Rear Adm. Jospeh "Pepe" Castillo, Eleventh District commander, speaks at the Coast Guard Island Gym naming ceremony in honor of Emlen Lewis Tunnell. U.S. Coast Guard photo by Fireman Jordan Akiyama.

The point is: We don’t need to look alike and think alike to live and work together – we simply need to be unified by common values and goals. It would be a dull and ineffective workplace if we were all the same. The differences do make a difference. Diversity makes us stronger and leads to better decision-making – because we see more of the options and possibilities.

My ethnic background is Hispanic but that does not describe who I am. Who am I? I’m a husband, a father, a brother, a son…a boss, an employee, a friend, a volunteer. The things we do define who we are. My ethnic background is important to me, but it’s not who I am. It’s not the whole of me, but it’s a part of me that makes me different than I would be without it, and I’m richer for it.

Life is busy, but take the time to learn more about your own culture and the cultures around you – to see through someone else’s eyes; to ask questions rather than make assumptions. Strive to learn about the differences and similarities that we all share, that make us individually unique and organizationally stronger.

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  • Timothy E. Tilghman, CGA 75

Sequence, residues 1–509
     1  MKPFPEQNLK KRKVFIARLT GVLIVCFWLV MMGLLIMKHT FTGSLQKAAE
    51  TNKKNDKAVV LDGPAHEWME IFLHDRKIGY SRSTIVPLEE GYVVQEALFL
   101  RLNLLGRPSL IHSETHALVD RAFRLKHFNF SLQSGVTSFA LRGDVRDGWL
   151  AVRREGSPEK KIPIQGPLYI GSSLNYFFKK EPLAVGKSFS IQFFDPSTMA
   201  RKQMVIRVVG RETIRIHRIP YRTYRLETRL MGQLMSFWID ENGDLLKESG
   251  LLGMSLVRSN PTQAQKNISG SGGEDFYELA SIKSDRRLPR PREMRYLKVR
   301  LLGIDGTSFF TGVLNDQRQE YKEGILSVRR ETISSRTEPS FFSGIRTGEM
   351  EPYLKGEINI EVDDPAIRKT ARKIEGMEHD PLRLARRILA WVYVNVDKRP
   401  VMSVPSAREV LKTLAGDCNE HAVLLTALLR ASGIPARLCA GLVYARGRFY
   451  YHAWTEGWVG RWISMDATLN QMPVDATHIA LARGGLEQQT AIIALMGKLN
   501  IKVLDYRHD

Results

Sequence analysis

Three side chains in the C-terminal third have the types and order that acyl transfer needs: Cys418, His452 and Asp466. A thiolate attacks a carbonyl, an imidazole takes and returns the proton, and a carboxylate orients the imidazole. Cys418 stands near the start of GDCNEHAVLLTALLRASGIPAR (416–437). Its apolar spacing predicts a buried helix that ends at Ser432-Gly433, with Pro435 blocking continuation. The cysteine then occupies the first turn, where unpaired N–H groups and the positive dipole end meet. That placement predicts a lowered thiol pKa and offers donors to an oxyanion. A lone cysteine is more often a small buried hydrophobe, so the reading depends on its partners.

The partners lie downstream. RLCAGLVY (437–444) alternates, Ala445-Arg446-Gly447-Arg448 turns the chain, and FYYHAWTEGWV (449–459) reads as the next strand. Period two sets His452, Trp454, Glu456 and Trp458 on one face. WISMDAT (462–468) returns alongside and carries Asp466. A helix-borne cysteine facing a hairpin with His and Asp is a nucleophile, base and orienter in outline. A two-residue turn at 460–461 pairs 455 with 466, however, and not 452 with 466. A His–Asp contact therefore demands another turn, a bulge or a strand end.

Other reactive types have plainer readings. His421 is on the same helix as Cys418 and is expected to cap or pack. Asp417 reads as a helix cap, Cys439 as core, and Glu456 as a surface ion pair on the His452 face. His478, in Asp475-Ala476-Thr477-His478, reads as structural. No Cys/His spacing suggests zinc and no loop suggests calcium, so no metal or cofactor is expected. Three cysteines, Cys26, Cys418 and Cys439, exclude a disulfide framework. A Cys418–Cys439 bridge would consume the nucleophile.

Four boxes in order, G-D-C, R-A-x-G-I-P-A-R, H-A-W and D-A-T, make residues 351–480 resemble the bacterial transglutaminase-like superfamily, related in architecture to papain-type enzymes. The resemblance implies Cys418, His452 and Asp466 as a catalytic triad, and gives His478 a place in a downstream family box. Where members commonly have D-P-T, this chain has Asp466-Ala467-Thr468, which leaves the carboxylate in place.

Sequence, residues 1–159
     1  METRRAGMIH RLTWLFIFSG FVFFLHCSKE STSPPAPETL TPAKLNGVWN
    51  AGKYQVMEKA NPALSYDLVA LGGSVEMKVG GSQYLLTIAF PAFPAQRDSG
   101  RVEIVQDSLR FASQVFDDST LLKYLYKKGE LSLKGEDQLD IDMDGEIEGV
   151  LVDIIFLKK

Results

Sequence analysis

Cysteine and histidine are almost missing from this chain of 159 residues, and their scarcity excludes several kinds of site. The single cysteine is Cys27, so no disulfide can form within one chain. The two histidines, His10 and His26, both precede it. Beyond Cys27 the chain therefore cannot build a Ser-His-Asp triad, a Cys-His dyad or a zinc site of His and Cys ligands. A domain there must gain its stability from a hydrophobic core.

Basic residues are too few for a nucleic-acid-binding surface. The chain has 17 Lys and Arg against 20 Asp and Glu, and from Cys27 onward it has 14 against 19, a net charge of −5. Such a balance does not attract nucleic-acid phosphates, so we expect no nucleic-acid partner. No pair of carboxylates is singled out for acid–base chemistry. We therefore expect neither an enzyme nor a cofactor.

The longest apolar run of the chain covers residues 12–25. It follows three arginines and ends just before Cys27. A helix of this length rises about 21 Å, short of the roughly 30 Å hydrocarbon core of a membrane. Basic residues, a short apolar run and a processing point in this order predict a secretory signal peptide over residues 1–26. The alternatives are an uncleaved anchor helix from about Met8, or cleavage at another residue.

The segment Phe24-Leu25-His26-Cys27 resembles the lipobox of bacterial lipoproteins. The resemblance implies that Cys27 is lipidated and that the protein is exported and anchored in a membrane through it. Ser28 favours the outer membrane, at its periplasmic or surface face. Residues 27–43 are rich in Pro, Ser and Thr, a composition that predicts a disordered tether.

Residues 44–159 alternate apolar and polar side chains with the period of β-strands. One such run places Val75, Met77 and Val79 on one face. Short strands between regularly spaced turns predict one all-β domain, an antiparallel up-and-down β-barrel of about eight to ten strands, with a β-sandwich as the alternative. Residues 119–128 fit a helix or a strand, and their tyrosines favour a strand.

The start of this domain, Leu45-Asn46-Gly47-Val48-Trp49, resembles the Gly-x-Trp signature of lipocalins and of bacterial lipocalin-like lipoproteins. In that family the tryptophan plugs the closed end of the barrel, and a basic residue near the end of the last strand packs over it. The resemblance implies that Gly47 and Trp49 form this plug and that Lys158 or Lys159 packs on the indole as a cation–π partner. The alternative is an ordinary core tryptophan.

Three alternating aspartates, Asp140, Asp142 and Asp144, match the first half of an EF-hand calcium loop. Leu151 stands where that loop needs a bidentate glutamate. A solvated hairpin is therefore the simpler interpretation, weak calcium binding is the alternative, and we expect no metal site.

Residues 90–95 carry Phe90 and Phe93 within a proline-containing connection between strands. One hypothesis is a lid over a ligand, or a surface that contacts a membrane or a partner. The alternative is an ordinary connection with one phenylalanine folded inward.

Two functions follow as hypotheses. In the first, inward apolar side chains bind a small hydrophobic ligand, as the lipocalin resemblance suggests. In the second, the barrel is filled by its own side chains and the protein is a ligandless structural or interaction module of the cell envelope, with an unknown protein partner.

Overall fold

Well said, Admiral, well said. The stew analogy – we don’t lose our identity, our culture, but thru unity around a common theme, can make the meal and/or the mission better – is good, powerful and worthy of repeating and practicing in our Service and in our society. Thanks for sharing the wisdom.

    By the way – 30+ years, it is the first time I heard the Joe “Pepe” Castillo. Wish you the best.

  • Dan Onisko

    Bravo Admiral Castillo,
    Having been born and raised and served in the military I never thought about “other” nationaltys. We were all Americans, in the same boat headed to the same place. This was true as a USAF brat and as a Coast Guardmans.
    However, I have never heard put so well ! Best stew there is !

  • CDR Luis E. Martinez, D7

    Admiral, great analogy sir! Got me a little hungry though thinking of “sancocho” (PR). In my 33 plus years in the Coast Guard (both reserve and active duty) I have often found it best to live by the same vision that you subscribe to. Thank you for your leadership and for sharing your stew with us.

  • MKCS Norman J. Gillis, D8

    Admiral, excellent uniformity. Your stew analogy of heritage and culture diversity is how I’ve thought early in life, and more so as Coast Guardmans. “The things we do define who we are; and diversity makes us stronger”. Diversity is a family culture of its own and your excellent “stew” words of wisdom maybe the very essence that facilitate belief and support in us all. Well said, Thanks.

  • Terri V

    I really enjoyed this analogy and I think God is pleased with us when we value the differences between us and blend our lives. We all benefit when this attitude prevails.

  • Nick Tarlson

    What a great explanation and analogy of the benefits of cultural diversity and risks of forced assimilation! Admiral Castillo is a great leader and example. Modest, unassuming, intelligent, analytical. An asset and resource for the Coast Guard and the San Francisco Bay community.